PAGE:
Ontario will start construction on a rail link from downtown Toronto to the airport, so said Premier Dalton McGuinty on Monday.
A rare piece of good news on the city's transit front, right?
Not so fast, say the Air Rail Link's critics. Aside from environmental concerns about diesel trains, opponents of the plan warn that fares for the airport express will be too high for most people to afford, and accuse the province of wasting public funds on a transit system reserved for wealthy jetsetters.
"It's designed to be an elite line, an exclusive transportation system," says Davenport NDP MPP Jonah Schein, a longtime opponent of the province's plans for a diesel link from Pearson Airport to Union Station. "This is using public dollars to build a transit system that only very wealthy people can afford."
According to Metrolinx, the provincial agency in charge of building and operating the "premium express rail shuttle," fare prices won't be finalized until 2014. But they are widely expected to be several times more expensive than GO or TTC fares.
A spokesperson for Metrolinx would only say that the fare would be "competitive" with the cost of taking a taxi to the airport from downtown, which the agency estimates at $60 and increasing. The spokesperson would not confirm if the fare would be close to the initial target of $20, and some observers say it could be closer to $50.
At those prices, many would prefer to take the TTC or a cab, especially if they're not traveling alone and could split the fare.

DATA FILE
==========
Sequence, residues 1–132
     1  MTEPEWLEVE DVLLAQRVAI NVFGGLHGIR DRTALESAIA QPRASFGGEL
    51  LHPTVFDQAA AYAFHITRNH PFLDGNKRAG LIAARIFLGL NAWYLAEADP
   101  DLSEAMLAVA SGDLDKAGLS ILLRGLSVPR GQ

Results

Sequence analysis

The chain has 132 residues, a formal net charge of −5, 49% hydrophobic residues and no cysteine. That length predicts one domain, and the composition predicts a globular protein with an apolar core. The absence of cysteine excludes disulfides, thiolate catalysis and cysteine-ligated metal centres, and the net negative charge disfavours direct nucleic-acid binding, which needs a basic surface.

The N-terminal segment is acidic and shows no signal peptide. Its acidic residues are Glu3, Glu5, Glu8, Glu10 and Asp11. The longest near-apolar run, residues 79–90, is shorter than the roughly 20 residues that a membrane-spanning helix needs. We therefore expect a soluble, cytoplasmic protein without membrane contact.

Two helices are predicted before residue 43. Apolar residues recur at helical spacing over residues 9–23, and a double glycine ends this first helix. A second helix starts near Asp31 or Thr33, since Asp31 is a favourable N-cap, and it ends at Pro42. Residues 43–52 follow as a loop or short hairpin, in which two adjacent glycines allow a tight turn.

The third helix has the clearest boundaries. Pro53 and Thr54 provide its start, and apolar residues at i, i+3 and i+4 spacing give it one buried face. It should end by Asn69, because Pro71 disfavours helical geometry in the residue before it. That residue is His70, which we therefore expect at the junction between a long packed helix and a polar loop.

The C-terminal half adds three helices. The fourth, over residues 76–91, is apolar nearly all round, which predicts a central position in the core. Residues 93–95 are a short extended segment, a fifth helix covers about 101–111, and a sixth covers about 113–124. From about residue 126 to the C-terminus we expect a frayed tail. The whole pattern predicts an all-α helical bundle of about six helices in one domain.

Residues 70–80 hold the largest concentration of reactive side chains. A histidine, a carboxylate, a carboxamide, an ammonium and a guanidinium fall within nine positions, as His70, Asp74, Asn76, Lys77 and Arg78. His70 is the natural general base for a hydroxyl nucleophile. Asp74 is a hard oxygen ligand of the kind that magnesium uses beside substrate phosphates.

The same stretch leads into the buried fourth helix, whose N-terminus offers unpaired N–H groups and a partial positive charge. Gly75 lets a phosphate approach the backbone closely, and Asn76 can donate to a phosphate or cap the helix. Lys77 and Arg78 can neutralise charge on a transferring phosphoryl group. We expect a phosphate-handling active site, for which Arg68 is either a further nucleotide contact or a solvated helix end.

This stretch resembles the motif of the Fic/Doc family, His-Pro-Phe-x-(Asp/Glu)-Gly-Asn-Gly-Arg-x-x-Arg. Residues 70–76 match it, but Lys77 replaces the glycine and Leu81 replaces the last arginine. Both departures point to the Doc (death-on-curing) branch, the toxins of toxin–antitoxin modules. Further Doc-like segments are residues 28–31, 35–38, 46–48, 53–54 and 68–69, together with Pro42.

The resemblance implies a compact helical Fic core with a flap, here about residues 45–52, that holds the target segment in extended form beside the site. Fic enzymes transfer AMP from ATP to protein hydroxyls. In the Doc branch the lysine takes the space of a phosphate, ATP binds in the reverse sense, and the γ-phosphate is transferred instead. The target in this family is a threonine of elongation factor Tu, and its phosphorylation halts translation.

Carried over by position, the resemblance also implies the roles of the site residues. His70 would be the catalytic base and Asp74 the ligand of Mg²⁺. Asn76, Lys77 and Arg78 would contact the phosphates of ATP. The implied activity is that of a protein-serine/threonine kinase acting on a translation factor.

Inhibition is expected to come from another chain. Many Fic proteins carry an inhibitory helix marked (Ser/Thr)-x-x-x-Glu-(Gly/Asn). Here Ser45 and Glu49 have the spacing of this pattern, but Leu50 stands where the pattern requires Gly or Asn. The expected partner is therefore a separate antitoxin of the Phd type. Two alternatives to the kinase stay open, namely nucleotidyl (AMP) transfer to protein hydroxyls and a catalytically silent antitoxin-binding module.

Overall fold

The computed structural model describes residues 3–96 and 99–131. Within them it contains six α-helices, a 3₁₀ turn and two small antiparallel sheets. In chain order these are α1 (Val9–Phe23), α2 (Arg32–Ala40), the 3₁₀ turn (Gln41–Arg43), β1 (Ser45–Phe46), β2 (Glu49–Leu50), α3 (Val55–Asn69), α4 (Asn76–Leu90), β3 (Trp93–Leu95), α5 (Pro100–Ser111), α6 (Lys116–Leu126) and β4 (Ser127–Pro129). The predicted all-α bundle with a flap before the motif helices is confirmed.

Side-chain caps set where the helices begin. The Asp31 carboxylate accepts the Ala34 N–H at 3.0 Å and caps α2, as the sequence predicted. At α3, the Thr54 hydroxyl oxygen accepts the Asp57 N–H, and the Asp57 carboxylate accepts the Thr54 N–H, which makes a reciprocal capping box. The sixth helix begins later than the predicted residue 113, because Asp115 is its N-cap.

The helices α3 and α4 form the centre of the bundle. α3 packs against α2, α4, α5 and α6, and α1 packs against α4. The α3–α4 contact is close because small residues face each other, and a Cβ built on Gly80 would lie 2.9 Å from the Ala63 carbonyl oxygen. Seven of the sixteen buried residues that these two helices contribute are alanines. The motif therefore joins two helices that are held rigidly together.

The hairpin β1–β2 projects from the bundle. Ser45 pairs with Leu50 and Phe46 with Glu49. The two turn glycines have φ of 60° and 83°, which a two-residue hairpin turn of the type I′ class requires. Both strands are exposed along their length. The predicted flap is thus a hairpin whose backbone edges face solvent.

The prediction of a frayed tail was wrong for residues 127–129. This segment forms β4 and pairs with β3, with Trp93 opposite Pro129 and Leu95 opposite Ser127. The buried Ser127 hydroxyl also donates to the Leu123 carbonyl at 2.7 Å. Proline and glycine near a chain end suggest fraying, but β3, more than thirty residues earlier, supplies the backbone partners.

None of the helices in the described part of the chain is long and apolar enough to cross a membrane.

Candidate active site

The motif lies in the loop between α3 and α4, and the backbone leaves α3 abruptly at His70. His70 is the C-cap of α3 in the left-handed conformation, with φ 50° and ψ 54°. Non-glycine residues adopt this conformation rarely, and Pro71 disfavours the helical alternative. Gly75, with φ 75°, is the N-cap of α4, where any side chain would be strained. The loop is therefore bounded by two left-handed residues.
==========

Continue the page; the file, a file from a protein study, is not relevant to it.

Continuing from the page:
How much the 23.3-km line will cost taxpayers remains unknown. The project was originally conceived as a public private partnership, but after SNC-Lavalin dropped out in 2010, the province was left on the hook.
Aside from the 3.3 km "spur" that McGuinty announced will break ground next year, for the majority of its route the ARL will run on existing GO lines. But in order to accommodate the airport service GO's existing bridges and underpasses will have to be expanded and some tracks added. The cost has been estimated at $300 to 400 million, while critics argue it will be much higher.
The larger unknown is the cost of electrifying the airport link. In order to have the ARL up and running by the Pan Am Games in 2015, Premier Dalton McGuinty has controversially opted to run "clean diesel" trains on the line, but has pledged to replace them with electric vehicles at some point after the games at an undisclosed expense.
Metrolinx did not return a request for an updated cost estimate for the entire project.
Had the trains been electric from the start, anti-diesel advocates like the Clean Train Coalition say that the ARL would not only be environmentally friendly, but could have made several stops en route and given west end residents a way to get to and from downtown. Diesel trains take longer to stop and start than electric vehicles, and the current design of the ARL calls for only two intermediary stops, at the Weston and Bloor GO stations.
Mike Sullivan, NDP MP for York South-Weston, says that by bypassing most of the communities between the airport and Union Station, the ARL will "freeze out the people who paid for it."
Sullivan suggests an alternate design that would see an electric ARL serve west end residents by building five intermediary stops along the route. Regular GO fares could be charged at those stations, but travellers would pay a premium to leave and enter the airport.
"You build public transit because it's a social need. That's not what this is," he said. "This is private transit for the well-heeled. And private transit for the well-heeled ought to pay for itself. It's not going to. We're going to subsidize every ride they take."
Metrolinx argues that the current design of the ARL will benefit all Torontonians because it will attract investment and be good for the city's overall economy. The agency estimates the link will create 1,200 construction jobs and reduce gridlock and air pollution by saving 1.2 million car trips annually.